Tuesday, September 8, 2015


As we head into a new school year, setting goals is a common classroom activity.  Fall is a great time set student goals, set your teacher goals, or reset personal goals.  We often lose sight of how long it takes to establish the habits and routines that will lead us to actually reaching our goals.  We also often don't have clear markers to demonstrate that we are indeed making progress toward the goal, no matter how small.  We also neglect to remember that we will have setbacks on our journey toward our goal.

I was reminded of all of this when I finally met a goal today that I had established over a year and a half ago with my doctor.  I finally reached the sevens.  She wanted me to do it by her birthday in June. I fell a tenth of a point short then.  It took me three months longer.  Seeking Six is the name of this blog because the number six is the elusive A1C number that I was initially told to strive toward in 2008 when I received my diagnosis of LADA.  Seven years later I now know that a more accurate title would be Seeking Seven, but I digress!  I reached the upper sevens today. I am happy. To reach that goal, my progress was monitored every three months officially and I inched closer to the goal.  I also had a part in monitoring my progress daily.  I had a strategy in place that I set up with my doctor. I had the resources I needed. I also had the desire. Despite the supports, it still took time.  We often forget how much time it takes to reach goals, especially with our students, because we live in a world that responds in an instant.  I personally have something to work on for the next three months to get into the mid-sevens.  I professionally have goals for my students and teachers too.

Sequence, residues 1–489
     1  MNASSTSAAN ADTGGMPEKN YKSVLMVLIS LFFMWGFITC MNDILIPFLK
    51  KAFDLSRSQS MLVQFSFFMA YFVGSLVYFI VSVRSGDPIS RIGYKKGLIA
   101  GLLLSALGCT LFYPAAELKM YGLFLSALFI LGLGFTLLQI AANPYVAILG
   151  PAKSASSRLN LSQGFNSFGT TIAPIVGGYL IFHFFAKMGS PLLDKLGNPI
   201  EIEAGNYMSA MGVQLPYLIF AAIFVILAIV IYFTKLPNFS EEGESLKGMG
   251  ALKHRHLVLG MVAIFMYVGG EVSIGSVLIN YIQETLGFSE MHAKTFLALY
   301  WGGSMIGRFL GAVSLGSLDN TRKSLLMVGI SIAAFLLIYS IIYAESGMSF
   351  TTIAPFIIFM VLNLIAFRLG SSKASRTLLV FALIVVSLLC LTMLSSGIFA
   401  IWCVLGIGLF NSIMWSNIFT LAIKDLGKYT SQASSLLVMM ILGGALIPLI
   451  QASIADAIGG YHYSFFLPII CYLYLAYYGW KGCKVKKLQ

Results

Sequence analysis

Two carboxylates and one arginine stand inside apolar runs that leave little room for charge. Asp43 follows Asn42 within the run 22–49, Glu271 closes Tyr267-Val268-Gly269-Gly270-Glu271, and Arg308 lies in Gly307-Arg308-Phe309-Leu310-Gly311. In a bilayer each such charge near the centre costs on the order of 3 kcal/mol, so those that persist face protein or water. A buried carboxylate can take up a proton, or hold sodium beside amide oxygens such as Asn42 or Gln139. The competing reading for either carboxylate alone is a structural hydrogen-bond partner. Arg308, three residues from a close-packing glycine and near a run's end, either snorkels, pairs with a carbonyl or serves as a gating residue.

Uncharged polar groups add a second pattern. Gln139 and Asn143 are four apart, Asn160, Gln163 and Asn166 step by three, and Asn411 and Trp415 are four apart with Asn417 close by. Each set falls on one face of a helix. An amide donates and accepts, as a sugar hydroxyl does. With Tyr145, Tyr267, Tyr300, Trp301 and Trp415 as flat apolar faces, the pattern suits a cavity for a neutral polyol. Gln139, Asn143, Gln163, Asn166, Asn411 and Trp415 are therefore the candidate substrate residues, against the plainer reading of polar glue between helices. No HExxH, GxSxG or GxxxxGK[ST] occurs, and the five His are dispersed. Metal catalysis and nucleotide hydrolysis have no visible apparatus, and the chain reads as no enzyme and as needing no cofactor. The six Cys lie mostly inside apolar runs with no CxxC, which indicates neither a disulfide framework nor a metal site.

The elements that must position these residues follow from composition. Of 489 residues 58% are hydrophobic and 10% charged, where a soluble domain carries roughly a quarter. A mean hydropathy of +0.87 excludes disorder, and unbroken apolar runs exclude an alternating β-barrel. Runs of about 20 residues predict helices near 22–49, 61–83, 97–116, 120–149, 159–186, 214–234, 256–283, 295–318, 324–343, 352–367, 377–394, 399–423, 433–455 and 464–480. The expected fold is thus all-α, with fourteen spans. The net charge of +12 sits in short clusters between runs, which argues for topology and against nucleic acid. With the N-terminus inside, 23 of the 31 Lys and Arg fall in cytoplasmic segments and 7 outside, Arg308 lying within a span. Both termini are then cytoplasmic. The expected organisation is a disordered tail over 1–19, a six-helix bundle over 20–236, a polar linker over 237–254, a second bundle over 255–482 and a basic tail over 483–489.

As I work with my students this year, as I work on myself and within my teacher teams, I want to remember to be patient. Everything I want to cultivate in teachers, in students, and in myself takes time.  Having seamless transitions with small group rotations takes time.  Bringing new members into a PLC and getting everyone moving on the same page takes time.  Getting students to recognize the sustained effort it takes to grow as a reader.  Reaching the low sevens. It will take hard work, it will take hand-holding and it will take small shifts.  As my mentor, Janet Allen, said, "We are all works-in-progress."  Allowing time for students and teachers to bloom, grow and work toward progress, that's my job. That's also what I am doing for myself.